Legend of the Five Rings did this a decade and a half ago.
So did D&D. So did a lot of games.
No, D&D never did it the way L5R did. It was considered pretty innovative for its time. I think a lot of game designers could learn from it and that's why I mention it. It's mass combat where the rules governing PC actions are 99% the same. I'm not exaggerating with that number, even in the case of adapting it to Pathfinder. The only real difference is some environmental damage based on armor and bodyguards, and the list of ideas for heroic opportunities (which GMs and potentially even players are free to add to) - which are all straight up encounter scenarios, to a one.
Pathfinder is a more complex game than most of those though, and it doesn't really help me if a system exists for a different rules set.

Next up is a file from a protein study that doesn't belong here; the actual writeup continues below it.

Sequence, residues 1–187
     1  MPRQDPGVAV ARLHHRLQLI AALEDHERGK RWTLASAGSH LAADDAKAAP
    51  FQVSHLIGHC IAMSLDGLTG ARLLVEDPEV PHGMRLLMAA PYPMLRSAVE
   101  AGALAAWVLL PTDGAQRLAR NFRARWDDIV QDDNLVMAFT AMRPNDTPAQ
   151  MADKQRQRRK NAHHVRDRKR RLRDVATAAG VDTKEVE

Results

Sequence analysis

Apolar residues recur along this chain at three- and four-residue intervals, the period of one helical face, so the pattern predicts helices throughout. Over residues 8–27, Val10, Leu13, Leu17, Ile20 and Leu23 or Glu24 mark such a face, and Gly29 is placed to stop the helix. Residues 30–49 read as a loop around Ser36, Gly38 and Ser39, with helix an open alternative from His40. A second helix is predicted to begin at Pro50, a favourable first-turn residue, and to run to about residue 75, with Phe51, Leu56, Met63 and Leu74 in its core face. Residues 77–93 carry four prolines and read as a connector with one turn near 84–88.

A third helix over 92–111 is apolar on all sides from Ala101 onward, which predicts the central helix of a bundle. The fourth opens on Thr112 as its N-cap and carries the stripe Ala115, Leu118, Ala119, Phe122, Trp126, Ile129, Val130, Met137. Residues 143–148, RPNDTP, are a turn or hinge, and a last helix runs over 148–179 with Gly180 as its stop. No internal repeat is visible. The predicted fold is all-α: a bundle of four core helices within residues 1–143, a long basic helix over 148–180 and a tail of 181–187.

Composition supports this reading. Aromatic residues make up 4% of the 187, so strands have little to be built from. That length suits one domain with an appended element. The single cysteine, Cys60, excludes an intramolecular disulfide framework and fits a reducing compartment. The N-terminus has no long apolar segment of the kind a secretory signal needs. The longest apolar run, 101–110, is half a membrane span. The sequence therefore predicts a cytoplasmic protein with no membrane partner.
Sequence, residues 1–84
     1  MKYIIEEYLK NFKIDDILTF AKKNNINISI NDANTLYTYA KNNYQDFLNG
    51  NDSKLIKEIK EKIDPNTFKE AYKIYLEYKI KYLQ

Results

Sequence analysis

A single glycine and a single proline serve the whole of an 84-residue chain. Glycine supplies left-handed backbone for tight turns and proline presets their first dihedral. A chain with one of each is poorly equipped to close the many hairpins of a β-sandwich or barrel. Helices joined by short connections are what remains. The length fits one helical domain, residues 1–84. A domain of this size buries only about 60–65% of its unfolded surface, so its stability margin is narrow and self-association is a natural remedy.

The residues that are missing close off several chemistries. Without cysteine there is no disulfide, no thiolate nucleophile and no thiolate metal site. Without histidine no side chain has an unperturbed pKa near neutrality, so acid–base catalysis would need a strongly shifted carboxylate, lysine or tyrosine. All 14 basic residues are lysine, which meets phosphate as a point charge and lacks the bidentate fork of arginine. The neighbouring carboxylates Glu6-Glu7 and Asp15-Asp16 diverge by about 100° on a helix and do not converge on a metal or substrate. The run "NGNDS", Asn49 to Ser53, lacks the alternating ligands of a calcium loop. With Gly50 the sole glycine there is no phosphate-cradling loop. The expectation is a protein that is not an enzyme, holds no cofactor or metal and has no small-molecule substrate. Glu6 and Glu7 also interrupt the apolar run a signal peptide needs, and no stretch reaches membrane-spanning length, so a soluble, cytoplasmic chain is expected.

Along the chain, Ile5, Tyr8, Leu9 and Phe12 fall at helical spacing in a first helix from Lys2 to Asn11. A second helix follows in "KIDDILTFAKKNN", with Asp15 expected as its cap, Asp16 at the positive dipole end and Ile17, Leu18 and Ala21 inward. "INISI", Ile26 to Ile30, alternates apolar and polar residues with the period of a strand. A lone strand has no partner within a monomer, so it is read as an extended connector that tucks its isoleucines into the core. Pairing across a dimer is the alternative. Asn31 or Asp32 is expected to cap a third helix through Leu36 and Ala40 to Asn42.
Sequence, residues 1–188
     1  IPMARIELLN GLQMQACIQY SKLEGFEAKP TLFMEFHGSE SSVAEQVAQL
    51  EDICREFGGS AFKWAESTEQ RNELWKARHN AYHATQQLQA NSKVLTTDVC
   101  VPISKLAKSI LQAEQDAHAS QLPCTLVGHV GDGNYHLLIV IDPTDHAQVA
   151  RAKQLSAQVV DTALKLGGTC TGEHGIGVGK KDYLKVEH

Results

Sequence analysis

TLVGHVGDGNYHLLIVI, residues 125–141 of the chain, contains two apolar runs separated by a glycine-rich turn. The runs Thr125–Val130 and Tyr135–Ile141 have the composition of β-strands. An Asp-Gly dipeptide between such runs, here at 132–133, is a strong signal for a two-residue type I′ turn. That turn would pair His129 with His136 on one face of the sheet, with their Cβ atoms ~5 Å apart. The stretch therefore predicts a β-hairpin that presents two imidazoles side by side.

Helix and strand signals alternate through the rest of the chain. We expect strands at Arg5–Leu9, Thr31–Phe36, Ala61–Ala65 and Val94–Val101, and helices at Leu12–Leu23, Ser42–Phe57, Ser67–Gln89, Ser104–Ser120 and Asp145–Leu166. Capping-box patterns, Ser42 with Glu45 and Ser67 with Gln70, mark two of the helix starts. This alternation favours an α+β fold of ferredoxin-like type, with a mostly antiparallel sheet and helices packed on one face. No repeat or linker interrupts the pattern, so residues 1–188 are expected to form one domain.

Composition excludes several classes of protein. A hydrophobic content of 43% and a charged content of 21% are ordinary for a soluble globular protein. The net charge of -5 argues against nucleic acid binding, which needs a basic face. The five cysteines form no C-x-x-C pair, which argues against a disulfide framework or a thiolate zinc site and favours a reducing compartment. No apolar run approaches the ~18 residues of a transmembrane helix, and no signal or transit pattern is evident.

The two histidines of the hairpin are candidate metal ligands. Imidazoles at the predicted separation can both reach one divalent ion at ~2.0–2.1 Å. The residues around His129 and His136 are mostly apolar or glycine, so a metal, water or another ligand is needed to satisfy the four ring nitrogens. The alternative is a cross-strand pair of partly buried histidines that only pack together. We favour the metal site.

I'd bet that before you came up with troops you'd say the same thing about 7th Sea's squad system.
No, it won't port over perfectly - troops are not an exact copy of squads, and you wouldn't want to default to each player deciding how engaged they are individually in a Pathfinder equivalent to L5R's battle system. Combat resolution is fast and deadly in L5R. So, instead, just default to leaving the group together, and adjust heroic opportunities/duels accordingly.
The ultimate idea, though, is that a GM who lays things out is going to have a good understanding of which side entered with the better strategy, which side is having more of an impact, etc. so it comes down to heroics on the part of the PCs to change what will logically occur - for better or for worse.
If not, you can have some loose guidelines to resort to die-rolling to decide how strategically advantaged a position is, and then dive into heroics from there.
As for your complaint about adding another skill... *ahem* Profession: Soldier. At least it's not as silly as Craft: War in 1e Exalted... I don't think adding Tactics is too much of a burden. You could roll Appraise into Profession: Merchant and see who bellyaches.